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 These things accomplished, Octavius formed plans for a reconciliation with Antony, for he had learned that Brutus and Cassius had already collected twenty legions of soldiers, and he needed Antony's help against them. He moved out of the city toward the Adriatic coast and proceeded in a leisurely way, waiting to see what the Senate would do. Pedius persuaded the senators, after Octavius had taken his departure, not to make their differences with each other irremediable, but to be reconciled to Lepidus and Antony. They foresaw that such a reconciliation would not be for their advantage or for that of the country, but would be merely an assistance to Octavius against Brutus and Cassius. Nevertheless, they gave their approval and assent to it as a matter of necessity. So the decrees declaring Antony and Lepidus, and the soldiers under them, public enemies, were repealed, and others of a peaceful nature were sent to them. Thereupon Octavius wrote and congratulated them, and he promised to lend assistance to Antony against Decimus Brutus if he needed it. They replied to him at once in a friendly spirit and eulogized him. Antony wrote that he would himself take vengeance on Decimus for Cæsar's account and on Plancus1 for his own, and that then he would join forces with Octavius.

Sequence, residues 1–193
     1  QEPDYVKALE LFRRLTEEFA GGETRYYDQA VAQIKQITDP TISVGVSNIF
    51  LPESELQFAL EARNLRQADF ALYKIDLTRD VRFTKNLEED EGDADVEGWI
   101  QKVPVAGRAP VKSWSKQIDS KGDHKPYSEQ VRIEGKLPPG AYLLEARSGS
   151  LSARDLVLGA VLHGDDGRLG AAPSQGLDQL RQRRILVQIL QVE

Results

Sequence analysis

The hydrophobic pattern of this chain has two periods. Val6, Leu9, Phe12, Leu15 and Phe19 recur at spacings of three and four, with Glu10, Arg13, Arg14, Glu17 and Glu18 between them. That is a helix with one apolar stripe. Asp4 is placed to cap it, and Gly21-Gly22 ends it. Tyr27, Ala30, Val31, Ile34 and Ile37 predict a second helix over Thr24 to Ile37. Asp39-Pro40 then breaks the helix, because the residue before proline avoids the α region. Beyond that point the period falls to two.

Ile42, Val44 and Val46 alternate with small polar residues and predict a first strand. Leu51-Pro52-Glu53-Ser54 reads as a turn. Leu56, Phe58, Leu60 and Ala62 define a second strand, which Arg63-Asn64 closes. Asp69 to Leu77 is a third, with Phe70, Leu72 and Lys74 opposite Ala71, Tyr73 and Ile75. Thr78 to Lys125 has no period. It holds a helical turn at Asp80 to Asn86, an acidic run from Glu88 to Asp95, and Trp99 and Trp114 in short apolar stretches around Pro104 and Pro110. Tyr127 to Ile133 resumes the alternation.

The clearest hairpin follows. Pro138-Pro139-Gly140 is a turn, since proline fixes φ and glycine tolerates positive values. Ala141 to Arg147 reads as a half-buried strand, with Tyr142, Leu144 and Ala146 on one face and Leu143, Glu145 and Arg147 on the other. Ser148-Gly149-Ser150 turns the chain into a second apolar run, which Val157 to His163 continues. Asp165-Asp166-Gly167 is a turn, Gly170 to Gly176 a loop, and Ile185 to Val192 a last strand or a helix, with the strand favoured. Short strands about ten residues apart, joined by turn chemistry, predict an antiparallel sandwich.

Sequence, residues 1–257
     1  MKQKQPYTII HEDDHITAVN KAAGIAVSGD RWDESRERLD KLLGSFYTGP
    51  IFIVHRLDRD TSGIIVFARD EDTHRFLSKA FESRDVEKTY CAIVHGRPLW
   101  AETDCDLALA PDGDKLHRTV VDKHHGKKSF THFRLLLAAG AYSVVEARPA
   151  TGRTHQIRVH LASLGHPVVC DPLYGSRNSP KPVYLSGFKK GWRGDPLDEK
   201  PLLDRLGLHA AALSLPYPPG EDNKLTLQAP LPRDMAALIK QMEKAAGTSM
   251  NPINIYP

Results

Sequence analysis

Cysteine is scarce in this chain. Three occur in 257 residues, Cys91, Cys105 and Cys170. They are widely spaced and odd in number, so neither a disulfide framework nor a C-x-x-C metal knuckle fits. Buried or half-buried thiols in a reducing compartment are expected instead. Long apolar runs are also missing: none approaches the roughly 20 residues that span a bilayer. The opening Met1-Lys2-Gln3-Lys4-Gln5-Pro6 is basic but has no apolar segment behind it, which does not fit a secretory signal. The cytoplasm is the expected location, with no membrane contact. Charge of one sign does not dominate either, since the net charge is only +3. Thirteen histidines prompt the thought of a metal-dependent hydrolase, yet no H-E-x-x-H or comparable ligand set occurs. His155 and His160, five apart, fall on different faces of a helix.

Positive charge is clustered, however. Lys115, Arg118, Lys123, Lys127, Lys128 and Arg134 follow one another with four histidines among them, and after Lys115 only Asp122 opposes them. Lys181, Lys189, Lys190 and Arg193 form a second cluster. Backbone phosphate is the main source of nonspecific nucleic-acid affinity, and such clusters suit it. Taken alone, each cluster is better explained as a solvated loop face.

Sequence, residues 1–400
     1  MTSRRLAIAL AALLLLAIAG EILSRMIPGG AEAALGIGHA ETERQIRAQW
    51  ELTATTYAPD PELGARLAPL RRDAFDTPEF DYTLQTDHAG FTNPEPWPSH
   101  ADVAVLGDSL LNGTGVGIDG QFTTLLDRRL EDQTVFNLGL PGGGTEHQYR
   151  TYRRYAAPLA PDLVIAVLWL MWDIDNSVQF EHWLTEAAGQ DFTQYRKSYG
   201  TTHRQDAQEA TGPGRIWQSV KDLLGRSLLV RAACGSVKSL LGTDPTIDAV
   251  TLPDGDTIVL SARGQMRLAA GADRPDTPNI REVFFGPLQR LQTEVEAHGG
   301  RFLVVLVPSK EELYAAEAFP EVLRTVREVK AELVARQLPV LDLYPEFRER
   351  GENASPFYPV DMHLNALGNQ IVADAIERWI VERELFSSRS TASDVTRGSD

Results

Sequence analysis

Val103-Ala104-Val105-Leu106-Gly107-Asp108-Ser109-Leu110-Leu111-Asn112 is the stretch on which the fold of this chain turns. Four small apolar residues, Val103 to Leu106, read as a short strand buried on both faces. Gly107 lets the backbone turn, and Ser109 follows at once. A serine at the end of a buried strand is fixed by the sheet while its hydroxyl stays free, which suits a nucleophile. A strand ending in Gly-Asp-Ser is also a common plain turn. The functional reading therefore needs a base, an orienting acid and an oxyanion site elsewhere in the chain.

1 The movements of Plancus are minutely described in his numerous letters to Cicero. Although a Cæsarian, he intended to remain faithful to the republic and would probably have done so had not the supremacy acquired by Octavius at Rome and the reconciliation of the latter with Antony made his military position untenable.
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